What anxiety feels like to me
Counselling Directory team member Kat talks about the way anxiety affects her.
While illnesses like depression and anxiety are becoming increasingly more common and recognised, they affect everyone differently. I suffer from minor bouts of anxiety from time to time, but recently I have honed my ability to recognise my symptoms and therefore feel more able to help myself. Recognising my symptoms early enables me to look after myself before things get out of hand and for the time being I have been able to do this through self-care. Here is what anxiety feels like to me:
I feel nauseous.
Physically, I feel anxiety in my stomach the most. I have a permanent knot in my stomach, have 'butterflies' and feel very sick. It’s like I’m nervous about something, but I can’t put my finger on it.
I suffer from nightmares
This is quite a new symptom for me. My most recent bout of anxiety saw me having five nightmares in one night, with me waking after each one. This broken sleep made the following day at work difficult and heightened my other anxiety symptoms.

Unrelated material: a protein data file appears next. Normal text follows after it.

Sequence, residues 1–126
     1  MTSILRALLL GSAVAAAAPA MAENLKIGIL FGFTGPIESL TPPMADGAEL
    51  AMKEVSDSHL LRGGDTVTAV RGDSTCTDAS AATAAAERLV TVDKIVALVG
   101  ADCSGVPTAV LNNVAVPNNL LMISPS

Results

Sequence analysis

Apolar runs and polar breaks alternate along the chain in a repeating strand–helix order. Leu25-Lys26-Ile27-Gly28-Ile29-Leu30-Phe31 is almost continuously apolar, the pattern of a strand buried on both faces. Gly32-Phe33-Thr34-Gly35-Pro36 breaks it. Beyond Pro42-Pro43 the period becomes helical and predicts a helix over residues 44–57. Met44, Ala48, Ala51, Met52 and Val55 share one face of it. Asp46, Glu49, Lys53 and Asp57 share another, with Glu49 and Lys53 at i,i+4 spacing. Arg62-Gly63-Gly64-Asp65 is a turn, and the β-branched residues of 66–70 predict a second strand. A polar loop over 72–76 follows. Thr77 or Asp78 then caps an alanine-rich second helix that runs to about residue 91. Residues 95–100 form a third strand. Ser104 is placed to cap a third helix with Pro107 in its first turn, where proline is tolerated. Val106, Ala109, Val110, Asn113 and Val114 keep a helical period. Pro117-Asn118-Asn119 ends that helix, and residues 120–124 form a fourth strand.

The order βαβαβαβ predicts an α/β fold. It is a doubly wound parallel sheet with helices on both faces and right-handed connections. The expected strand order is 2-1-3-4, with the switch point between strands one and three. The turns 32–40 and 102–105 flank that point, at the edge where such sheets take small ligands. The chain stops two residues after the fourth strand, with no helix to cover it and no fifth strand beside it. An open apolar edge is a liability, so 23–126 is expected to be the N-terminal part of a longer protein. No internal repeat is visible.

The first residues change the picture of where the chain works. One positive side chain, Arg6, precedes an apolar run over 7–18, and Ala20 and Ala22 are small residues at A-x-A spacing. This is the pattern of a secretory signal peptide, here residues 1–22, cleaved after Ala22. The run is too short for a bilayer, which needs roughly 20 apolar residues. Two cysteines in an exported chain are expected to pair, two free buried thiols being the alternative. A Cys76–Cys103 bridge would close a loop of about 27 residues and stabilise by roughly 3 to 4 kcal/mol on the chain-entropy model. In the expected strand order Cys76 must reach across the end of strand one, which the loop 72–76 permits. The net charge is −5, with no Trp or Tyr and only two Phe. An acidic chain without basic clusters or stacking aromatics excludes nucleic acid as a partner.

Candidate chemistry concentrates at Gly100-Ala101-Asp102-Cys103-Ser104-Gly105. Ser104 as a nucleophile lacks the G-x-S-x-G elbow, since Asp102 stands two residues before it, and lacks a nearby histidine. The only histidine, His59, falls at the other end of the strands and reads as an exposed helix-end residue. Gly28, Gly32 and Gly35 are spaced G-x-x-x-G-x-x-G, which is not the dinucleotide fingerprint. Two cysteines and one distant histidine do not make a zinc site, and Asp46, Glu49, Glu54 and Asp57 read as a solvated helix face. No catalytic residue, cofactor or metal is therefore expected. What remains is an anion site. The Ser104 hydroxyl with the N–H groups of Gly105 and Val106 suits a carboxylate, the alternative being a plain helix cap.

A simple conversation from the day can go round and round in my head for hours. I will re-live it wondering if I said the right thing, or if I misunderstood something. I will worry that someone is annoyed with me or that I’ve upset someone with a flippant comment.
My head ‘buzzes’
My thoughts will be rushing around so quickly that I’ll feel as if my head is actually buzzing. Slowing down my thinking and switching off is my biggest challenge when I feel anxious.
I lose confidence
I stop believing in myself, second-guessing everything I do. This is usually the last thing to happen and my final warning that I need to take action!
How I cope
Everyone is individual and these methods may not work for everyone, but here’s how I cope with anxiety:
- write in a journal
- practise yoga
- meditation/breathing exercises
- exercise (going to the gym or out for walks)
- talk to friends and family
- reduce caffeine and sugar
I’ve had counselling for other concerns in the past and while for now I feel able to cope with the support of my friends and family, I would happily turn to a professional if I began to feel overwhelmed.